April 8, 2014
William Blake
The Ghost of a Flea
1819-20
Tempera and gold on mahogany

William Blake

The Ghost of a Flea

1819-20

Tempera and gold on mahogany

December 28, 2013
"The moon, like a flower
In heaven’s high bower,
With silent delight
Sits and smiles on the night."

— William Blake (via itsquoted)

8:54pm  |   URL: http://tmblr.co/Z8bgTy12YQDoa
  
Filed under: William Blake 
November 4, 2012
zibbvoid:

William Blake - Wise and Foolish Virgins (1822)

zibbvoid:

William Blake - Wise and Foolish Virgins (1822)

(via mudwerks)

January 20, 2012
adsertoris:

William Blake - “Antaeus Setting Down Dante and Virgil in the Last Circle of Hell” (1824-27)
—
Antaeus (also Antaios) (Ἀνταίος) in Greek and Berber mythology was a half-giant, the son of Poseidon and Gaia, whose wife was Tinjis. Antaeus had a daughter named Alceis or Barce.
Greeks of the sixth century BC, who had established colonies along the coast, located Antaeus in the interior desert of Libya.[1]
He would challenge all passers-by to wrestling matches, kill them, and collect their skulls, so that he might one day build out of them a temple to his father Poseidon. He was indefatigably strong as long as he remained in contact with the ground (his mother earth), but once lifted into the air he became as weak as other men.
Antaeus had defeated most of his opponents until it came to his fight with Heracles (who was on his way to the Garden of Hesperides for his 11th Labour). Upon finding that he could not beat Antaeus by throwing him to the ground as he would regain his strength and be fortified, Heracles discovered the secret of his power. Holding Antaeus aloft, Heracles crushed him in a bearhug.[2] The story of Antaeus has been used as a symbol of the spiritual strength which accrues when one rests one’s faith on the immediate fact of things. The struggle between Antaeus and Heracles is a favorite subject in ancient and Renaissance sculpture.
In Dante Alighieri’s Inferno, Antaeus is shown among the giants half-frozen up to their torsos at the edge of the Circle of Treachery. He lowers Dante and Virgil into the Circle of Treachery.

adsertoris:

William Blake - “Antaeus Setting Down Dante and Virgil in the Last Circle of Hell” (1824-27)

Antaeus (also Antaios) (Ἀνταίος) in Greek and Berber mythology was a half-giant, the son of Poseidon and Gaia, whose wife was Tinjis. Antaeus had a daughter named Alceis or Barce.

Greeks of the sixth century BC, who had established colonies along the coast, located Antaeus in the interior desert of Libya.[1]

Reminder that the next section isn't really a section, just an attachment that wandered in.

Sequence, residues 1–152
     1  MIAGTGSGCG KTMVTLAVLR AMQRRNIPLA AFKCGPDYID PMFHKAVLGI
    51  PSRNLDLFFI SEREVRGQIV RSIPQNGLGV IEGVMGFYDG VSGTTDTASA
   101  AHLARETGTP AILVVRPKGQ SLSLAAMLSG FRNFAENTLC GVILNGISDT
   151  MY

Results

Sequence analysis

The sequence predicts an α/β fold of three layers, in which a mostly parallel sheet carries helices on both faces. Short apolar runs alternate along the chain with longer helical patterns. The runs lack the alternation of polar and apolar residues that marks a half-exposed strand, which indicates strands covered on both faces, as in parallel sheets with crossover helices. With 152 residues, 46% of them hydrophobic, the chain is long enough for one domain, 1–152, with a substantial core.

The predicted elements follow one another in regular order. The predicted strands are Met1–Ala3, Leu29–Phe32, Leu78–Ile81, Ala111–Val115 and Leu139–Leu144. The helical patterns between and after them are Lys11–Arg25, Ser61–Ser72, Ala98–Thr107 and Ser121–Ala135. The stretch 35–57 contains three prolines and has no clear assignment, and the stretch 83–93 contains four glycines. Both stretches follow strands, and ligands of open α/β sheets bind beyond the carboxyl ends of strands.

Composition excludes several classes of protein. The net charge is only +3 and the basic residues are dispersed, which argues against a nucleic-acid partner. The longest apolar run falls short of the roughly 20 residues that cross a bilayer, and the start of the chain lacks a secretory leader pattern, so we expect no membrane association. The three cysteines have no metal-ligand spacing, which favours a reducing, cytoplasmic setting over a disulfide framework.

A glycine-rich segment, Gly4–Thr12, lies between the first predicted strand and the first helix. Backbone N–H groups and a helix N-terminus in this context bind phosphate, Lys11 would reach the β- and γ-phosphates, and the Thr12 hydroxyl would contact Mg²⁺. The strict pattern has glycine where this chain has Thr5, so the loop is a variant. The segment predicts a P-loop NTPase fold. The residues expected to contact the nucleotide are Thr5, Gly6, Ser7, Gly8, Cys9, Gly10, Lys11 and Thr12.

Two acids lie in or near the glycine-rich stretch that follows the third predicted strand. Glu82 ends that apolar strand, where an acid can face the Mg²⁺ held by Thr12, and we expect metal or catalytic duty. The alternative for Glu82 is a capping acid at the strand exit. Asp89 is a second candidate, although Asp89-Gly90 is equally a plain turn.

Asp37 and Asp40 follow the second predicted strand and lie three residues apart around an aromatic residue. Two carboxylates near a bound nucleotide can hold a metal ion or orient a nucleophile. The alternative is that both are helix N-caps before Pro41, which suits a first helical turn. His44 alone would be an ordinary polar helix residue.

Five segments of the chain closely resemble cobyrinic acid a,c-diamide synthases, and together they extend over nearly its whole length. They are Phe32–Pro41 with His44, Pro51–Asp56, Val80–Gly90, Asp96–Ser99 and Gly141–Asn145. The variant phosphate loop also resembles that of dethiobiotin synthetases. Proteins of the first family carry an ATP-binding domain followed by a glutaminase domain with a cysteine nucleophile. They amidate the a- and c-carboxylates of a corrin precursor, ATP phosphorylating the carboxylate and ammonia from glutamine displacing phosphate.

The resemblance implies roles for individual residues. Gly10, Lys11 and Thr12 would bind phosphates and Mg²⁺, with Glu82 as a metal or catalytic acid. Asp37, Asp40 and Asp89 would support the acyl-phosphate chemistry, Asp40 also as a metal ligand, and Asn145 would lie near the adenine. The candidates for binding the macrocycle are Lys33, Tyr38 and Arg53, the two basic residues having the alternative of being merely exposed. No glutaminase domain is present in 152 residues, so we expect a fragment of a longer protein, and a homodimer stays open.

He would challenge all passers-by to wrestling matches, kill them, and collect their skulls, so that he might one day build out of them a temple to his father Poseidon. He was indefatigably strong as long as he remained in contact with the ground (his mother earth), but once lifted into the air he became as weak as other men.

Antaeus had defeated most of his opponents until it came to his fight with Heracles (who was on his way to the Garden of Hesperides for his 11th Labour). Upon finding that he could not beat Antaeus by throwing him to the ground as he would regain his strength and be fortified, Heracles discovered the secret of his power. Holding Antaeus aloft, Heracles crushed him in a bearhug.[2] The story of Antaeus has been used as a symbol of the spiritual strength which accrues when one rests one’s faith on the immediate fact of things. The struggle between Antaeus and Heracles is a favorite subject in ancient and Renaissance sculpture.

In Dante Alighieri’s Inferno, Antaeus is shown among the giants half-frozen up to their torsos at the edge of the Circle of Treachery. He lowers Dante and Virgil into the Circle of Treachery.

January 17, 2012
arborescences:

William Blake - in The Book of Urizen

arborescences:

William Blake - in The Book of Urizen

(via myaloysius)

January 9, 2012
artandopinion:

Pestilence: Death of The First Born
1805
William Blake

artandopinion:

Pestilence: Death of The First Born

1805

William Blake

September 25, 2011
William Blake’s The Great Red Dragon Paintings (1805 - 1810)

artandopinion:

The Great Red Dragon and the Woman Clothed in Sun

The Great Red Dragon and the Woman Clothed with the Sun

The Great Red Dragon and the Beast from the Sea

The Number of the Beast is 666

(Source: Wikipedia)

June 12, 2011
fleshandthedevil:

“Lovers”        “ Temptation and Fall ”  by William Blake
Courtesy of Thanatesque

fleshandthedevil:

Lovers”        “ Temptation and Fall   by William Blake

Courtesy of Thanatesque

(via issafly)